The other day after telling me about the five-star restaurant he’s going to own, my son said, “Sometimes I think I’m thinking too big, but then I realized it’s good to think big.”

Indeed, it is. I lost my way somewhere into adulthood, scaling back my expectations to imagine what’s realistic rather than what’s possible. Now that I’m watching my kids navigate the many roads ahead, I’m inspired to go exploring again too.

For years, I held back a little bit here and there, thinking if I haven’t done this or that by now, I’m never going to. Now I’m jumping in to whatever I’m wishing for, trusting the universe to provide.

Last week, I went to a writers’ conference where they had pitch sessions with agents by appointment. I was pretty scared to talk to an agent because I might have to hear “no, thanks, I’m not interested in your book” in person rather than by email.

Somewhere along the way in the car, a thought popped into my head that I would just leave this up to God. If I’m meant to get an agent soon, I will. I immediately stopped worrying and started thinking big. Guess what… both agents said they were excited about my story idea and please send the manuscript!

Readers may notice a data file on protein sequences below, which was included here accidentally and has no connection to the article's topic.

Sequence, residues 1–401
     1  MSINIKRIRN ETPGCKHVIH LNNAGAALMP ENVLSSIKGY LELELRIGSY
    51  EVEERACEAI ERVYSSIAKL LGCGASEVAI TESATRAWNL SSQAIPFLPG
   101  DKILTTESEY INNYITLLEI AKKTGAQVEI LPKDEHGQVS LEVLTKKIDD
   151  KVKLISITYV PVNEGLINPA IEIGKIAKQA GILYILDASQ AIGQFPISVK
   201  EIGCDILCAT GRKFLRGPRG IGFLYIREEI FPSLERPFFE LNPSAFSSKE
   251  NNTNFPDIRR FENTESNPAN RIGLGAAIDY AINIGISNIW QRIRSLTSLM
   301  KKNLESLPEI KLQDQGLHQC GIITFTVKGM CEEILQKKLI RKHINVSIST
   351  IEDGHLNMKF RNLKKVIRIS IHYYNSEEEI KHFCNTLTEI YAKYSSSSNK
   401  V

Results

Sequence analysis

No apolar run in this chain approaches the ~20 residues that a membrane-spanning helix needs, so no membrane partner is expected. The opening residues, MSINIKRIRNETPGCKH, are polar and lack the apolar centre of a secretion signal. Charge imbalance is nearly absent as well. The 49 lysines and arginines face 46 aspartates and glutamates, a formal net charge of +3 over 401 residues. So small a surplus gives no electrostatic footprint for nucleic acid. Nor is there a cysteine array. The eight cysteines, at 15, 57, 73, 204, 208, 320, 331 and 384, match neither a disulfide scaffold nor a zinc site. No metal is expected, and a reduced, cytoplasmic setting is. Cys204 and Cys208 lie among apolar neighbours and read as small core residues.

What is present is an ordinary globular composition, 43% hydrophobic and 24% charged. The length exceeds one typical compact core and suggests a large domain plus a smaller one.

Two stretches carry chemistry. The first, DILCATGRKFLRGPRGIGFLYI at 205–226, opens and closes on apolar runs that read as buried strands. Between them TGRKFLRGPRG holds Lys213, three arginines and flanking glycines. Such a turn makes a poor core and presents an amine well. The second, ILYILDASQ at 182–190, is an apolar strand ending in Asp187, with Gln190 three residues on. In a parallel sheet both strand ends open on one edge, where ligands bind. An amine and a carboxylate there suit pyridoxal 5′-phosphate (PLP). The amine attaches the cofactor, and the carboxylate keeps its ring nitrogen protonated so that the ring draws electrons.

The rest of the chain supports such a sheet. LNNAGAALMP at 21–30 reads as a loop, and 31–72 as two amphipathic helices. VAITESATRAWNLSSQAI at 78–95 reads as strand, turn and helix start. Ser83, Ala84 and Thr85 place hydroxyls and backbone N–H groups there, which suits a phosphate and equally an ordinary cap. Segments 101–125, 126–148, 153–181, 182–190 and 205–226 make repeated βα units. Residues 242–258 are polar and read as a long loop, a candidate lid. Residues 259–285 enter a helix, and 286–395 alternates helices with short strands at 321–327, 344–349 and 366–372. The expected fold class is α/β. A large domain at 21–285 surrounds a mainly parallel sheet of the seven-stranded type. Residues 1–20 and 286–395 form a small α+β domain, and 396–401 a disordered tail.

My older son wants a laptop so much. He’s been bugging me for a few years now, but I’m holding off until he’s in 9th grade, when he’ll need to have one for school. I told him if I sell a million novels, I’ll buy him one before then. “Not likely,” he said. Ha! We’ll see.

What kind of big thinking do you do when you let your imagination wander like it did when you were a kid and you knew you could do anything, be anything, have anything?

Have a great day!

Grete

 

[Image courtesy of public domain images on http://www.pixabay.com]

If you enjoy reading my blog, please check out my first novel, Giving Myself Away, about a divorced mom making tough choices and a fresh start.

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Why you need to find your tribe